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From Antitrust Law Daily, December 4, 2014

Product hopping claims against Reckitt Benckiser over opioid replacement drug proceed

By Linda O’Brien, J.D., LL.M.

Direct purchasers of the opioid replacement drug Suboxone alleged sufficient facts to pursue claims against brand drug manufacturer Reckitt Benckiser for engaging in a product hopping scheme to switch from a tablet form of the drug to a film form for the purpose of blocking generic competition, the federal district court in Philadelphia has decided. However, the purchasers’ claim that Reckitt manipulated Food and Drug Administration regulations to delay the entry of the generic version onto the market was dismissed (In re Suboxone (Buprehnorphine Hydrochloride and Naloxone) Antitrust Litigation, December 3, 2014, Goldberg, M.).

British pharmaceutical manufacturer Reckitt Benckiser produces and markets an opioid replacement therapy drug under the brand name Suboxone. The Food and Drug Administration (FDA) approved Reckitt’s new drug application (NDA) for Suboxone tablets in 2002. Reckitt obtained a seven-year period of exclusivity from the FDA, since Suboxone was found to be an orphan drug. Reckitt’s period of exclusivity was set to expire in October 2009. In 2008, Reckitt obtain a patent for Suboxone film and its NDA for Suboxone film was approved by the FDA in August 2010. Due to different dosage forms, a pharmacist could not provide generic Suboxone tablets when a patient had been a prescription for Suboxone film.

Direct purchasers and end payors of Suboxone filed a series of class action suits, alleging that Reckitt and its affiliates switched its marketing and manufacture from Suboxone tablets to Suboxone film for the purpose of blocking generic competition. Specifically, the direct purchaser plaintiffs asserted claims for unlawful maintenance of monopoly power by conversion of the market from tablet to film formulation, filing a sham Citizen Petition, and intentionally delaying the single shared risk evaluation and mitigation strategy program. Reckitt moved for dismissal the plaintiffs’ complaints.

Exclusionary conduct. The court determined the plaintiffs plausibly pleaded that the product hopping scheme constituted exclusionary conduct as required for an antitrust claims. Although deference is ordinarily given to innovation and new product creation, the unique nature of the pharmaceutical drug market warranted applying the rule of reason approach where the defendant’s procompetitive justifications were weighed against the anticompetitive results. According to the court, the plaintiffs’ sufficiently alleged that Reckitt’s disparagement of Suboxone tablets along with its threatened removal of the tablets from the market due to false safety concerns could plausibly coerce doctors and patients to switch from tablet to film. Moreover, Reckitt’s withdrawal of Suboxone tablets from the markets had to effect of reducing consumer choice.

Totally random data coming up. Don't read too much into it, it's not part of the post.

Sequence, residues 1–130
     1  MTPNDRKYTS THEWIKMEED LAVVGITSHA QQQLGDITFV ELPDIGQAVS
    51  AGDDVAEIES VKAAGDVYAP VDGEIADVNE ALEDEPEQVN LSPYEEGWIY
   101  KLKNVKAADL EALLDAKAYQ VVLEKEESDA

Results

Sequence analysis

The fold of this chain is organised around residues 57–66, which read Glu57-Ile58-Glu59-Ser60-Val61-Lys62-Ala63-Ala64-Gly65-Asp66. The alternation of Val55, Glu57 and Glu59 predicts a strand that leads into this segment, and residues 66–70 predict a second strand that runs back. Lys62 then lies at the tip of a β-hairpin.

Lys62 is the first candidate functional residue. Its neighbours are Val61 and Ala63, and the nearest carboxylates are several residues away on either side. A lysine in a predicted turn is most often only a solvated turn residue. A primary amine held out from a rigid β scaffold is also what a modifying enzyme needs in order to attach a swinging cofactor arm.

Additionally, the complaint sufficiently pleaded an injury to competition. Generally, the introduction of new products does not create an antitrust injury. However, the plaintiffs’ allegations of Reckitt’s conduct considered as a whole—the fraudulent marketing campaign and withdrawal of Suboxone which resulted in purchasers paying inflated prices—could establish harm to competition.

Citizen Petition. The court found that the plaintiffs plausibly pleaded that Reckitt’s Citizen Petition, seeking to block FDA approval of pending applications by the generic companies on purported safety grounds, was a sham. While the FDA did not dismiss Reckitt’s petition outright as baseless, the FDA in its ruling referred Reckitt’s conduct to the FTC for investigation and noted that the timing of its withdrawal of Suboxone tablets from the market and the filing of the petition were in close alignment as to when generic competition for Suboxone was to begin.

SSRS process delay. In December 2011, the FDA required Reckitt to perform a Risk Evaluation and Mitigation Strategy (REMS) on the issue of risk of pediatric exposure to Suboxone tablets and directed Reckitt to collaborate with generic drug manufacturers on a Single Shared REMS (SSRS) program to add generic Suboxone products. The plaintiffs alleged that Reckitt used the SSRS process to delay generic competition by making unnecessary and unreasonable demands on the generic companies as a condition of its cooperation. Reckitt contended that the SSRS process, where the parties attempted to work together to establish a safe use of the drug, was simply a course of dealing and did not obligate Reckitt to interact with competitors on unfavorable terms. In dismissing this claim, the court agreed with Reckitt’s argument and determined that the antitrust laws did not impose a duty on Reckitt to aid the generic manufacturers in obtaining expeditious FDA approval of their generic versions.

The case is No. 13-MD-2445.

Attorneys: Lauren Guth Barnes (Hagens Berman Sobol Shapiro LLP), R. Jeffrey Behm (Sheehey Furlong Behm PC), and Stuart E. Desroches (Odom & Des Roches, LLP) for plaintiffs. Kimberly A. Brown (Jones Day) for Reckitt Benckiser Group PLC, Reckitt Benckiser Pharmaceuticals, Inc., Reckitt Benckiser Healthcare Ltd., Reckitt Benckiser LLC, and Reckitt Benckiser, Inc.

Companies: Reckitt Benckiser Group PLC; Reckitt Benckiser Pharmaceuticals, Inc.; Reckitt Benckiser Healthcare Ltd.; Reckitt Benckiser LLC; Reckitt Benckiser, Inc.

MainStory: TopStory Antitrust PennsylvaniaNews

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